Where Are You, Bouteflika?

Why are Algerians so keen to elect (once again) an ailing 77-year-old man they so rarely see?

There aren't too many elections in the world where the leading candidate is seldom seen or heard. So, when John Kerry visited Algiers earlier this month, Algerians were grateful to the U.S. secretary of state for providing them a rare sighting of the man who is very likely to win the April 17 presidential election.

Looking sallow and sunken, Algerian President Abdelaziz Bouteflika greeted Kerry with a raspy, "Comment allez-vous?" (How are you?). As translators hovered uselessly, America's famously French-speaking top diplomat responded that he was very well, thank you -- and very happy to see Bouteflika.

So were millions of Algerians. YouTube clips of the brief encounter promptly went viral with titles such as, "The surreal dialogue between John Kerry and the Algerian mummy?"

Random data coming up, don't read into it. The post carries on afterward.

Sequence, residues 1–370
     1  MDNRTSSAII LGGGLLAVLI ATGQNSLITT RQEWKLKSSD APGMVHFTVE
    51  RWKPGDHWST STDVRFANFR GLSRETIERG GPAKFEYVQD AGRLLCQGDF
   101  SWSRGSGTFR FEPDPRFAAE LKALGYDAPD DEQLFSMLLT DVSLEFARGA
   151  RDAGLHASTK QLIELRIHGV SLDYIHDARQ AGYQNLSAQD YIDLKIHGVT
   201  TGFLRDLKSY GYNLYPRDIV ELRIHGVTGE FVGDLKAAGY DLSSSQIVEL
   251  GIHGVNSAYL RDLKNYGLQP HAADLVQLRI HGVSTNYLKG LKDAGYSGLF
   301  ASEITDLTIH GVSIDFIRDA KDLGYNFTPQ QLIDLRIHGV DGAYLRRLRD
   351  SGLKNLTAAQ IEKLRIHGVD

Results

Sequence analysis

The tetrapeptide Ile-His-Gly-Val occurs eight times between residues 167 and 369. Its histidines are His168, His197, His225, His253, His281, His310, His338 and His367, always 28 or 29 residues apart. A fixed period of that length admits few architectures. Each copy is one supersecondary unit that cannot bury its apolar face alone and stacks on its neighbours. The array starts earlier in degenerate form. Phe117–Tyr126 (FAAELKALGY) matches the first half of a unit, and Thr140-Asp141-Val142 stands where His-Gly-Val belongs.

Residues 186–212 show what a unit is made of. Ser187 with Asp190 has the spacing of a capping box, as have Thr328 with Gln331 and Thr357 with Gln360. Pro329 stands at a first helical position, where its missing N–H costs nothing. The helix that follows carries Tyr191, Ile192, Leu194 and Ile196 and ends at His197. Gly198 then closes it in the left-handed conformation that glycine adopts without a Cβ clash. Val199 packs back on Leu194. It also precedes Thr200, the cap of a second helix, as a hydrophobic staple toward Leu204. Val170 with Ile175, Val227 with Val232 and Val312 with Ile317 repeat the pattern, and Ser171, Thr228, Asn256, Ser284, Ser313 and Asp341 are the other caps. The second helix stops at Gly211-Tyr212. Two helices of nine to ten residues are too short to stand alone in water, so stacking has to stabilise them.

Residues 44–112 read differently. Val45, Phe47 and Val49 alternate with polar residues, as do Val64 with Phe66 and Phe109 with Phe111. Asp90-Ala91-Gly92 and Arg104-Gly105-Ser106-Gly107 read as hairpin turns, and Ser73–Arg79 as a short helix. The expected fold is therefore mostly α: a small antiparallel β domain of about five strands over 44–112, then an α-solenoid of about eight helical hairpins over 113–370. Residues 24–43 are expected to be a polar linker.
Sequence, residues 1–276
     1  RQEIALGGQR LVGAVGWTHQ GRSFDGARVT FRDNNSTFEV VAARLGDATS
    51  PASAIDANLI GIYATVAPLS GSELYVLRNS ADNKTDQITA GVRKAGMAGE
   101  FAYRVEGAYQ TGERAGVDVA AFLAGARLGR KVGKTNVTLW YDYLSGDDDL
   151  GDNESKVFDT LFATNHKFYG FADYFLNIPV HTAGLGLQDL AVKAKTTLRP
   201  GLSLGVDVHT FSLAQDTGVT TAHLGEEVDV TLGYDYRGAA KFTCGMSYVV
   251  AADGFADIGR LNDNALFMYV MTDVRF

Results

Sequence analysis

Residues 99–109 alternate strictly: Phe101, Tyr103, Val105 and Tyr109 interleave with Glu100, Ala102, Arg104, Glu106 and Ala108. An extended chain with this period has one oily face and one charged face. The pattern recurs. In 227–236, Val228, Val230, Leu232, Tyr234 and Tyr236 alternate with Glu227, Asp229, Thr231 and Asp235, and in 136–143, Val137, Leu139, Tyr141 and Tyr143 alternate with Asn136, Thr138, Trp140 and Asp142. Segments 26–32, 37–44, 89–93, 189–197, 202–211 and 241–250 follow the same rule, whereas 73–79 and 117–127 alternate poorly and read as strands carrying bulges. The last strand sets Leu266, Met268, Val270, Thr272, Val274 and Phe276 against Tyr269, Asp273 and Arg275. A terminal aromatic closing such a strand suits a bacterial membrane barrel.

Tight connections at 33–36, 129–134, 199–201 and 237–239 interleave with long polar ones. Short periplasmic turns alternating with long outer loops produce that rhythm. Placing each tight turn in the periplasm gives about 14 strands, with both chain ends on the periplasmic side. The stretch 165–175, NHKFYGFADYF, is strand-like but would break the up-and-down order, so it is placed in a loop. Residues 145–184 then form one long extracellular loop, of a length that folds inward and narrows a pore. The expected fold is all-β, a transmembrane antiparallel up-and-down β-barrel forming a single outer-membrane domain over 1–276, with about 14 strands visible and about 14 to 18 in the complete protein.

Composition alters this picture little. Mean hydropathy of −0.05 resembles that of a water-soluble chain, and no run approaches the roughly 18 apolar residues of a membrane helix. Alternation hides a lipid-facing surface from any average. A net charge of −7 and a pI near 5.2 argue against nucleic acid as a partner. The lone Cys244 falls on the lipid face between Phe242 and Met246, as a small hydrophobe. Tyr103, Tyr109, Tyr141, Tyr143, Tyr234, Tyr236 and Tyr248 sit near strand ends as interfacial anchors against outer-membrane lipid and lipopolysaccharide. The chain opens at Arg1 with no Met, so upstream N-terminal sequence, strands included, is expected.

When it comes to surreal elections, it's hard to top Algeria's upcoming presidential poll.

The ailing, 77-year-old incumbent is standing for a fourth term in office after 15 years on the job. This was made possible by a 2008 constitutional amendment that scrapped an existing two-term limit and increased the presidential term from four to five years.

A year after that amendment was passed, Bouteflika was elected to his third term with 90.2 percent of the vote and an official participation rate of 74.5 percent -- a figure think tanks such as the Carnegie Endowment for International Peace called "far too high to be credible."

And now he's back for a fourth term.